California Employers Beware: Many California Cities Have Enacted Minimum Wage Ordinances
California’s minimum wage increased to $10 per hour effective January 1, 2016. This is the second increase in just 18 months under legislation originally signed by Governor Jerry Brown in 2013. Unfortunately, this latest increase to the statewide minimum wage is not the only one facing California employers. More than a dozen cities across California have already enacted their own minimum wage ordinances requiring employers to pay workers at rates as high as $15.37 per hour – and several other cities are looking to follow suit. It is a hodgepodge environment in our state, when it comes to minimum wage regulation.
To complicate matters more for business owners and managers, several of these local ordinances also include posting and mandatory sick leave requirements (above and beyond California’s recently-enacted statewide sick leave law). This patchwork of laws creates an administrative quagmire for employers—particularly those with multiple locations across the state (or with employees who travel and work in more than one municipality during the course of a workweek)—and only increases the cost of doing business in one of the costliest states in the nation.
The California cities that have local minimum wage ordinances currently in effect are listed below, together with their applicable local minimum wage rates and the known upcoming increases:
City Local Minimum Wage As of January 2016 Upcoming Increases
Berkeley $11.00/hour $12.53/hour
(effective October 1, 2016)
Emeryville $12.25/hour for $13/hour for
businesses with 55 o businesses with 55 or
fewer employees fewer employees
$14.44/hour for $14.82/hour for
businesses with more businesses with more
than 55 employees than 55 employees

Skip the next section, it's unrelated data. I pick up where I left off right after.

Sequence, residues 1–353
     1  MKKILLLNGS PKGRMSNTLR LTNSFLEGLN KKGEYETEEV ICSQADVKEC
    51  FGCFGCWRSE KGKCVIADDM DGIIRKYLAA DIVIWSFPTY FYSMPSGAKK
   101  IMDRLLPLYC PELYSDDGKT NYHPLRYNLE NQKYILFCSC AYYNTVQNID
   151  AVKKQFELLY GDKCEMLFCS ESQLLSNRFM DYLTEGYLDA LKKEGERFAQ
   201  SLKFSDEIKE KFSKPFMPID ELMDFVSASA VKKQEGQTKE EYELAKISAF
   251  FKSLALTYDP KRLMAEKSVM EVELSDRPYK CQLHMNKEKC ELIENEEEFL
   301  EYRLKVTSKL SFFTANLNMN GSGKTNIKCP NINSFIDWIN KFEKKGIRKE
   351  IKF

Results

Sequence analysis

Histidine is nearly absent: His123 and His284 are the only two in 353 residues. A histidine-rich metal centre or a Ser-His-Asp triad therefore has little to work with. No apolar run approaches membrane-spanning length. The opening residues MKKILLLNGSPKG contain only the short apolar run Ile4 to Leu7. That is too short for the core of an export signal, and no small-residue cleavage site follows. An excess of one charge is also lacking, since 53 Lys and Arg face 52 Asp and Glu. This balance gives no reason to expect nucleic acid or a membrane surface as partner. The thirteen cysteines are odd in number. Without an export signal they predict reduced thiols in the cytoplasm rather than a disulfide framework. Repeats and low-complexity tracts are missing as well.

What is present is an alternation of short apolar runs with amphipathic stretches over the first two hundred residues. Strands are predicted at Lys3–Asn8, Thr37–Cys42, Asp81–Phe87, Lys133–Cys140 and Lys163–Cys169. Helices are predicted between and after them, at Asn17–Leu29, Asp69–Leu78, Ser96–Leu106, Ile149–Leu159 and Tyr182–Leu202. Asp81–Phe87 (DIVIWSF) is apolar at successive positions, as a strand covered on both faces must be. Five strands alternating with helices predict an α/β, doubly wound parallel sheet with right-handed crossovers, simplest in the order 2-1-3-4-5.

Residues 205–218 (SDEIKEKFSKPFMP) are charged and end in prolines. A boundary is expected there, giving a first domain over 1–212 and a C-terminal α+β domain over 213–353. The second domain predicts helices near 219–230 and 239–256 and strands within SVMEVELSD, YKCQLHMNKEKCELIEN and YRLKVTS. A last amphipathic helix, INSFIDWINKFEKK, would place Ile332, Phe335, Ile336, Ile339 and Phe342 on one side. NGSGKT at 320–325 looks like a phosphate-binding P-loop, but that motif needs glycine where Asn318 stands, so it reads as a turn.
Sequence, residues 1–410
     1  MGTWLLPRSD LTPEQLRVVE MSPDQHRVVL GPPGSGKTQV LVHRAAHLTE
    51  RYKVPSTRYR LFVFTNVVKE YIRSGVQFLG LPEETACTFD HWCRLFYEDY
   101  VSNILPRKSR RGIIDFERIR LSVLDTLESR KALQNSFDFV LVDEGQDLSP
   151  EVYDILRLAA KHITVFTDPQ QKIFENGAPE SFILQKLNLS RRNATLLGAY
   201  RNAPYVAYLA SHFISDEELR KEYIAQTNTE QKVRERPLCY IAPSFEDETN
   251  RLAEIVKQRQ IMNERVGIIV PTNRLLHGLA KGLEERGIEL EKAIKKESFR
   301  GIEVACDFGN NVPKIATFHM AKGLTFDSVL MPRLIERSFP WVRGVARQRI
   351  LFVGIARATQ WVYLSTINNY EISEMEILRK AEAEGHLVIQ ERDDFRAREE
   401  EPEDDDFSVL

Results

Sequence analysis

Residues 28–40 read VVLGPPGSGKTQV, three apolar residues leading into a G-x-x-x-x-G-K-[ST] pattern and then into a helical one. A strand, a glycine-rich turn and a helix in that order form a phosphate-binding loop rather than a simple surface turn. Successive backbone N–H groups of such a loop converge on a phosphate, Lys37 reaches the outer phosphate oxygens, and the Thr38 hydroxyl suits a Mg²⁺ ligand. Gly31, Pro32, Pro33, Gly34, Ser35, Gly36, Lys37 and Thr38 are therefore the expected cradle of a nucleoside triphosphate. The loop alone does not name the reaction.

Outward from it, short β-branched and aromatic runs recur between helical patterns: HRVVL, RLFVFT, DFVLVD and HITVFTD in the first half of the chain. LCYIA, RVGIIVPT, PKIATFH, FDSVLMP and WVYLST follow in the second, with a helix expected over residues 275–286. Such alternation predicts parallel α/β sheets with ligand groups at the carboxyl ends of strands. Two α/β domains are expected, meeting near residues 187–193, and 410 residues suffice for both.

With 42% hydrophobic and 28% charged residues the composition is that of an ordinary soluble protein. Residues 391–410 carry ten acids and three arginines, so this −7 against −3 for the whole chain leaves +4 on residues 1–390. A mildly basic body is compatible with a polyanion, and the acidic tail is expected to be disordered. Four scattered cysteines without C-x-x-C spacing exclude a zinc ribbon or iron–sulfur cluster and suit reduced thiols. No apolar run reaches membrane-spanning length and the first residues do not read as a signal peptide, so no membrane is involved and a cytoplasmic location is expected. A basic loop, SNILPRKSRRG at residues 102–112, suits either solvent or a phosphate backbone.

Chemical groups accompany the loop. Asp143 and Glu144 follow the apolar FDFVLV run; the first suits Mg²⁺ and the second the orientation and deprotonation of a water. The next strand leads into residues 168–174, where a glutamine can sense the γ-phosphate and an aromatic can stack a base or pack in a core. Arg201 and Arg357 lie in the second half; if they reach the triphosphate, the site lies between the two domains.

(effective July 1, 2016)
Long Beach $13.80/hour for hotel workers --
Los Angeles $10.50/hour for businesses with $10.50/hour
26 or more employees for business with
(effective July 1, 2016) 25 or fewer employees
(effective July 1, 2017)
for hotel workers
Mountain View $11.00/hour --
Oakland $12.55/hour --
Palo Alto $11.00/hour --
Richmond $11.52/hour --
San Francisco $12.25/hour $13.00/hour
(effective July 1, 2016)
San Jose $10.30/hour --
Santa Clara $11.00/hour --
Sunnyvale $10.30/hour --
Other California cities have recently approved similar increases to the local minimum wage. Sacramento passed an increase to its local minimum wage in October 2015, which will progressively raise the minimum wage to $12.50 per hour by 2020, with the first increase to $10.50 scheduled to go into effect on January 1, 2017 for employers of at least 100 employees. Employers with fewer than 100 employees will be required to comply with the yearly increases in the Sacramento minimum wage one year after larger employers (starting in 2018).
A similar ordinance was adopted by San Diego’s City Council in 2014. The ordinance would incrementally raise the minimum wage in that city to $11.50 by 2017, but opponents succeeded in collected enough petition signatures last year to force the issue to a public vote. The public referendum is currently set to go before voters in June 2016, and the law remains suspended until then.
Long Beach employers with more than 25 employees will also see an increased in the local minimum wage to $10.50 starting in 2017, $12 by 2018, and $13 by 2019. Like Sacramento, small employers (employers with 25 or fewer employees in this case) will get a one-year delay to comply with the raised rates.
Finally, last week, Pasadena’s City Council approved a similar increase to the local minimum wage at its February 1, 2016 meeting. The move raises the minimum hourly rate for city employees incrementally to $13.25 by July of 2018. A more business-friendly proposal with a $12.50 cap was previously rejected by Pasadena’s Economic Development and Technology Committee. The City Council’s decision also allows for increasing the minimum wage further to $15 per hour by 2020 following an economic study on the impact of the initial set of minimum wage raises that is to be completed in early 2019.
These California municipalities lead a nationwide trend that has seen an unprecedented number of local governments regulating the minimum wage within their boundaries. As of January 2016, at least eleven U.S. cities outside of California had also adopted local minimum wage provisions above their state minimum wage.
Unless a higher state wide minimum wage is enacted, California employers can expect that local municipalities will continue to step in with their own minimum wage legislation. This blog will attempt to continue to keep you updated periodically with the developments related to California local and statewide minimum wage issues.